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What is a Sea Slug?

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  • Written By: Steve R.
  • Edited By: Kristen Osborne
  • Last Modified Date: 20 November 2016
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A hermaphroditic underwater creature, a sea slug can typically be located on coral or rocks in the sea. Also known as a sea cucumber, a sea slug can vary in length from an inch (about 2.5 centimeters) to one foot (about 31 centimeters). More than 3,000 varieties of the species exist and come in various of colors. The sea creature belongs to the gastropod family and can live anywhere from six weeks to one year.

Technically, sea slugs are nudibranches, which is Latin for "naked gills." Many varieties of sea slug carry their gills on their backs. When the creatures are young, they shed their shells, which never grow back.

While sea slugs are tiny creatures, they are not defenseless. Sea slugs are not affected by the paralyzing stingers of potential predators, such as sea anemones or corals. Instead, a sea slug soaks the stingers into its body and will use the weapons against any creature that tries to attack it.

Similar to skunks, sea slugs can secrete an odorous substance to ward off attacks. Some species of sea slugs possess tentacles, which are used for defense. Brightly colored creatures, sea slugs use their colors to blend into the environment and hide from predators. Sea slugs also can use their vibrant colors to present themselves as something that would be dangerous for would-be predators to eat.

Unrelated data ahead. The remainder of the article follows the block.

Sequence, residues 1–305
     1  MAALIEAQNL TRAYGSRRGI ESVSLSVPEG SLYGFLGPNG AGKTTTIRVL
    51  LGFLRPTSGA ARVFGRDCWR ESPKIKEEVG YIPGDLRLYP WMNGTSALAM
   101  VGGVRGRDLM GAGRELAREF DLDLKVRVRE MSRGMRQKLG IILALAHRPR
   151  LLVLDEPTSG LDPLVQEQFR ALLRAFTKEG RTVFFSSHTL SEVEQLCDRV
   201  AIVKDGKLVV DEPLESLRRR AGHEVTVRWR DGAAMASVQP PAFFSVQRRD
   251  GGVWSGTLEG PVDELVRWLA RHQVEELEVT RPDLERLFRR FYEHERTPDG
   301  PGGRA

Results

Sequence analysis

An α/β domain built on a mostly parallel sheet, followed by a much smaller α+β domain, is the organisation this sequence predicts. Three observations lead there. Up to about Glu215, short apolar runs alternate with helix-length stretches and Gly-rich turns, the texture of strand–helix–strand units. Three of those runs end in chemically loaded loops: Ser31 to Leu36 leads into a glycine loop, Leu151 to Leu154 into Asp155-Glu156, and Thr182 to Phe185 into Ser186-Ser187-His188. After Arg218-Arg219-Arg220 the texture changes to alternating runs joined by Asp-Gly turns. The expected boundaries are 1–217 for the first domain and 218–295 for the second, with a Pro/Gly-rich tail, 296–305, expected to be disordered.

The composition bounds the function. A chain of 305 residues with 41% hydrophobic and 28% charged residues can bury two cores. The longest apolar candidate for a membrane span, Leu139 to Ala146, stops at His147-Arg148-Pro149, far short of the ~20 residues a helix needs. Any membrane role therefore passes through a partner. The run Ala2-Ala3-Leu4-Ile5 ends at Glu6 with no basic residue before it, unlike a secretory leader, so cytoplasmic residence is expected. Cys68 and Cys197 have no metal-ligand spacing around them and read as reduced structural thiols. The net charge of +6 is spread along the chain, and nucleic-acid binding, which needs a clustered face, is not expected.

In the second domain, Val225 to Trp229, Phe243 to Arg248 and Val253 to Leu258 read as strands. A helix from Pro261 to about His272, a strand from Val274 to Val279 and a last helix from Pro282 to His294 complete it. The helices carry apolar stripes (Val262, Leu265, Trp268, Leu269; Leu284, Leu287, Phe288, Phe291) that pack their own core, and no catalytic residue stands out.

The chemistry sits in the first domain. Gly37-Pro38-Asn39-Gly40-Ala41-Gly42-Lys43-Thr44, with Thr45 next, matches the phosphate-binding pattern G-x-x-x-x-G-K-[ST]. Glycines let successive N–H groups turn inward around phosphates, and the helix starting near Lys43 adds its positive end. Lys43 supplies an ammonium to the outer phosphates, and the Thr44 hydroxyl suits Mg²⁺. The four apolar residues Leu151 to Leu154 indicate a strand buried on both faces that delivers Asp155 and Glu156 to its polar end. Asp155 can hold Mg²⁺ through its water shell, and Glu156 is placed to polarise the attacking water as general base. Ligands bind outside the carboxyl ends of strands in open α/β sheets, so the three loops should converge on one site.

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Despite their numerous defense mechanisms, sea slugs do still fall prey to some creatures. Sea spiders, turtles, sea stars, lobsters, and crabs are natural predators of sea slugs. Sea slugs also are harvested by humans.

Slow moving creatures, sea slugs move along the sea floor looking for food. The creatures possess small teeth in their mouths, which are located on the underside of their heads, and they use chemical signals to find food. Sea slugs feed on barnacles, sponges, snails, and plankton. Some sea slugs even feed on other sea slugs.

Containing both male and female sex traits, nudibranches lay thousands of eggs at least once a year, depending on food supply. Eggs attach to rocks or sand in crevices. After a few weeks, the eggs are fertilized and then hatch.

Sea slugs are often kept in saltwater aquariums to help reduce the level of algae in the tanks. The creatures are also of interest to humans for their potential in healing. Scientists have studied the creatures to see how chemicals in their bodies can help with heart, bone, and brain aliments.

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Discuss this Article

anon179027
Post 5

We had sea slugs in our canals on Venice Beach about 14 years ago. Then they disappeared and came back this year. Do you know why that would have happened?

momothree
Post 4

Thanks to all of you for the great information on sea slugs. You have all helped me out tremendously. That's why I love WiseGeek!!!!

medicchristy
Post 3

Sea slugs are actually quite fascinating. They creep along the bottom of the ocean floor or cling to submerged vegetation, usually in water just below the low tide line. Some of the species swim on the surface of an open ocean.

They are regarded by many as one of the most beautiful marine animals, contrary to their yucky sounding name! They often have feathery structures called ceratia on their back. The ceratis are usually in a contrasting color.

If any of you have an opportunity, you should look at some pictures of the sea slugs. They are quite beautiful and their color is very vibrant.

christym
Post 2

@momothree: The sea slug is a marine gastropod mollusk. They are classified in the phylum Mollusca, class Gastropoda, sublass Opisthobranchia, and order Nudibranchiata. I hope that helps you and good luck with your project.

momothree
Post 1

First, I love your articles on WG! They are very helpful. I am a Biology student and I have to do a report on sea slugs.

I need to know the sea slug phylum, class, subclass, and order. Can anyone help me out?

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